The Netherlands gets its third three Michelin-starred restaurant Restaurant Inter Scaldes in the Zeeland village of Kruiningen has become the third Dutch restaurant to be awarded a prestigious third Michelin star. The Michelin guide group announced the new star ratings for the Netherlands in Amsterdam on Monday. ‘We’ve worked for this for a long, long time,’ said Claudia Brevet of the husband and wife team who run the restaurant. ‘It’s been about blood, sweat and tears… but the result is worth it.’ Inter Scaldes won its first Michelin star in 1978 and has had a second since 1984. Jannis Brevet took over the kitchen in 2001. Michelin international director Michael Ellis praised the Brevet for the ‘way he uses first-class regional products’ and his ‘stunning alliances of taste’. De Leest in Vaassen and De Librije in Zwolle both held on to their three stars. There was no increase in the number of two star restaurants in the Netherlands this year but two, including Bord'eau in Amsterdam, lost one of theirs, taking the total down to 16. Six restaurants won their first star: The Duchess, Le Restaurant and The Whiteroom in Amsterdam, AIRRepublic in Cadzand, Fitzgerald in Rotterdam and Vista in Willemstad. In total, the Netherlands has 108 restaurants with at least one Michelin star. Congratulations to the team @InterScaldes #Kruiningen your exquisite cooking has gained #3MichelinStars #MichelinguideNL18 pic.twitter.com/Ih5zSIVsPK — The MICHELIN Guide (@MichelinGuideUK) December 11, 2017 Alle drie driesterrenkoppels op n rij vlnr boer, boerma en brevet pic.twitter.com/o6TImBtXmV — Annemart van Rhee (@Annemart) December 11, 2017   More >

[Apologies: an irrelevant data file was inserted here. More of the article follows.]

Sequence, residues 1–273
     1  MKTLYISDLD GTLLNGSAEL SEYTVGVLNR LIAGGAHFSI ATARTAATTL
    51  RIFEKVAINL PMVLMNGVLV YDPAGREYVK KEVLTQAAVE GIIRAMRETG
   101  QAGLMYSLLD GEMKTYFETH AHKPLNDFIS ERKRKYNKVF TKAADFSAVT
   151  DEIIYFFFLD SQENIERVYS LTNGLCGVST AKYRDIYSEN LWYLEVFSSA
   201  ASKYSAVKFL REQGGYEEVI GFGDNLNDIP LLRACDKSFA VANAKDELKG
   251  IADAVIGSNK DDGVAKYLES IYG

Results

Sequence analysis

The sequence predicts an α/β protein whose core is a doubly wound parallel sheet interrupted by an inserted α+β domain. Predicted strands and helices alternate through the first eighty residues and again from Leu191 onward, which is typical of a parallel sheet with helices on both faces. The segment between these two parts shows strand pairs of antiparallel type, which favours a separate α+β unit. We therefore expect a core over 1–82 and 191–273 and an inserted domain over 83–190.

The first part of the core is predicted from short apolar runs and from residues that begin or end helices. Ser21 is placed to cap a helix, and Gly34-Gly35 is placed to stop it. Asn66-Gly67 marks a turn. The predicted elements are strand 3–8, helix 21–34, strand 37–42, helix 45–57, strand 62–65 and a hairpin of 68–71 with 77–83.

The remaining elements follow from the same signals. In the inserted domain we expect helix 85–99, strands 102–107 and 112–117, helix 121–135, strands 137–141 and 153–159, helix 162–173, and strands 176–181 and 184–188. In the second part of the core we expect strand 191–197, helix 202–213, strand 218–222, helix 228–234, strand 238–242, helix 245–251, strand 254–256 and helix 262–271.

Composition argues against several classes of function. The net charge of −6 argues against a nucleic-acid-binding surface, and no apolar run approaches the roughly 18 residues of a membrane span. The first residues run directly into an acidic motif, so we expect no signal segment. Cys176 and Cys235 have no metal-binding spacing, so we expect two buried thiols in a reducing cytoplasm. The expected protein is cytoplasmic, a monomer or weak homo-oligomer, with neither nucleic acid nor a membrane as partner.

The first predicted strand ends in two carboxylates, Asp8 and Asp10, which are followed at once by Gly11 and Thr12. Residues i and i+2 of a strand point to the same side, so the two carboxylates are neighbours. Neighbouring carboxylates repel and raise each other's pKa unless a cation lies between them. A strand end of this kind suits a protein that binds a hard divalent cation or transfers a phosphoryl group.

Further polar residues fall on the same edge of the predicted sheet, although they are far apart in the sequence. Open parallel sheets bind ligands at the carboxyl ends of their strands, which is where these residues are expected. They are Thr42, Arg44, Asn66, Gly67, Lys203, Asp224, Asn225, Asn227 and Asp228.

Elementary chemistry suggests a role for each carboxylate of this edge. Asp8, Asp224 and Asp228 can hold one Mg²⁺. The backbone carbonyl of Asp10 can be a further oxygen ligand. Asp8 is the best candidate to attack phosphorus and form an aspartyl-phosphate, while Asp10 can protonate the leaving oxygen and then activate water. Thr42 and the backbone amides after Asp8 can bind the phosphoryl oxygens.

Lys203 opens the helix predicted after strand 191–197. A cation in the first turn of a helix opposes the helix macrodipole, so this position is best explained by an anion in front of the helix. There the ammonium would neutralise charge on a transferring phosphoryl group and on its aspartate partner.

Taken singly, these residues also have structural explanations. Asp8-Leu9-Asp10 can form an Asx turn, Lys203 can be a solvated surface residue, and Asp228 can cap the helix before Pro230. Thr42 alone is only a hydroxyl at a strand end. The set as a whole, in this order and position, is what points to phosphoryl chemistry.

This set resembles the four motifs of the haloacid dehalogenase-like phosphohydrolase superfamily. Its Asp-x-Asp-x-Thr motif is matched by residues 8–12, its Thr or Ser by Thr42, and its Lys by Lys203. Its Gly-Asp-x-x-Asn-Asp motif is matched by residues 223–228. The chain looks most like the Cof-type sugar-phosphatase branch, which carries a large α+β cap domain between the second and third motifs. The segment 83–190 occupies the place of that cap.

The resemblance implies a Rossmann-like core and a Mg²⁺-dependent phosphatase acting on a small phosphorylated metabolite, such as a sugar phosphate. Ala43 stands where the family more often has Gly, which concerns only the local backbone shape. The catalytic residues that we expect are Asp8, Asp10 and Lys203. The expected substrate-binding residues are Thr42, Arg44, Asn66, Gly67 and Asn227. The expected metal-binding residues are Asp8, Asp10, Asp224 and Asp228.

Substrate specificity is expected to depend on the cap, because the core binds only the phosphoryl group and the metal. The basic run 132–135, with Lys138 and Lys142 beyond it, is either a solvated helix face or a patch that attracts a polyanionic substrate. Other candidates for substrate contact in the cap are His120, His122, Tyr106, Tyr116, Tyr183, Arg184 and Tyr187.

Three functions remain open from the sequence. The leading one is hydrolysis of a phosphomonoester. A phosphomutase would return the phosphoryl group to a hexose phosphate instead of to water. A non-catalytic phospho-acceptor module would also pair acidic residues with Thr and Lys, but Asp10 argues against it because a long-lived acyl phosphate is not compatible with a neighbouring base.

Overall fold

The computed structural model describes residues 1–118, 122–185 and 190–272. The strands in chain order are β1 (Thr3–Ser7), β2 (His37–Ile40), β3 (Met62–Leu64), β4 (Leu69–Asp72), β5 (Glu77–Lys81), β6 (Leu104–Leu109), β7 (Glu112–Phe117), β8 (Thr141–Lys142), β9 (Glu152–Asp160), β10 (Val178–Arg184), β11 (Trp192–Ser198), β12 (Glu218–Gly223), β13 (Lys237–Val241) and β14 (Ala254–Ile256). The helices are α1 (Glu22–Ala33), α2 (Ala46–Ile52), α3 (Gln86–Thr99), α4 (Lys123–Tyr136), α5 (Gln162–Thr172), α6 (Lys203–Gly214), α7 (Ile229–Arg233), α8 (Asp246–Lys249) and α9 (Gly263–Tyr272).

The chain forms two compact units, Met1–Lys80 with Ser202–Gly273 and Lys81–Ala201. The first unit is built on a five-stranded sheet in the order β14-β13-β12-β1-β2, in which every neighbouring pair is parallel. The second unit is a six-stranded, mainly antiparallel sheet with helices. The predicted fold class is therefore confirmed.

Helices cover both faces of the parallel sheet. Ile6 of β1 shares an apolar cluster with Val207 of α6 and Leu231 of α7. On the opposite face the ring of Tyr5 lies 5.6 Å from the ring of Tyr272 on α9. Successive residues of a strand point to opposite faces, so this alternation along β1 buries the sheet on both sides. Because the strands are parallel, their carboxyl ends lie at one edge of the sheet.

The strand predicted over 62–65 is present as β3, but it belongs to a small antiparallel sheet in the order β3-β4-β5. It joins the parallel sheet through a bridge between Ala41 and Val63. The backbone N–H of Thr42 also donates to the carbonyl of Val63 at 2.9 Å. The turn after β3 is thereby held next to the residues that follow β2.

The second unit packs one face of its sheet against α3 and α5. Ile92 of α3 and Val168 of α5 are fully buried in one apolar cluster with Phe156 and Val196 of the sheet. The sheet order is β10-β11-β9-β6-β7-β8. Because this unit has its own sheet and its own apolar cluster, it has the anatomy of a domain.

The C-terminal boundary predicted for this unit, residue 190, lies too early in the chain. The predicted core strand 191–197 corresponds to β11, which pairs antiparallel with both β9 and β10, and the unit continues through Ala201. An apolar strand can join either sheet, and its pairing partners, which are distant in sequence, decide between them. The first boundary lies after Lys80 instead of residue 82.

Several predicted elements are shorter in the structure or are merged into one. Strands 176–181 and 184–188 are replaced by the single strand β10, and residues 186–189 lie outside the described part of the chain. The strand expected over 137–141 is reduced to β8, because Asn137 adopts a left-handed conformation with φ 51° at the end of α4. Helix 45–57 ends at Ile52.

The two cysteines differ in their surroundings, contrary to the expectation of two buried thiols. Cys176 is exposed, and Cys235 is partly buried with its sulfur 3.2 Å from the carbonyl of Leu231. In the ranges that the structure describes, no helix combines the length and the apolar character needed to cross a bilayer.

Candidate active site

Potential breakthrough in MH17 probe

The Netherlands gets its third three Michelin-starred restaurant The Dutch-led team investigating the downing of flight MH17 said it had 'learned with considerable interest' about new claims made by online investigation group Bellingcat. Bellingcat said on Friday it had identified a man heard speaking on a number of intercepted phone calls as Russian general Nikolai Fedorovich Tkachev following voice analysis. The identity of the owner of the voice, known as Delfin, is considered key to the investigation and last year the investigation team (JIT) appealed for help in identifying him and another voice known as Orion. 'There are a number of details surrounding Delfin and Orion that are unclear, including their exact role in the downing of MH17, but the fact that the JIT has specifically requested information on them implies how they are key persons of interest in the criminal investigation of the tragedy,' Bellingcat said. The JIT statement said that reactions to the call for information would be seriously looked at, including the information provided by Bellingcat. However, the JIT declined to give further information in the interests of the investigation and out of privacy considerations. An analysis of the findings by international law professor Marieke de Hoon in Trouw suggests they could be a 'game changer' if correct. This would prove Russia had a presence in Ukraine at the time MH17 was shot down, which has major consequences under the European Convention on Human Rights.  More >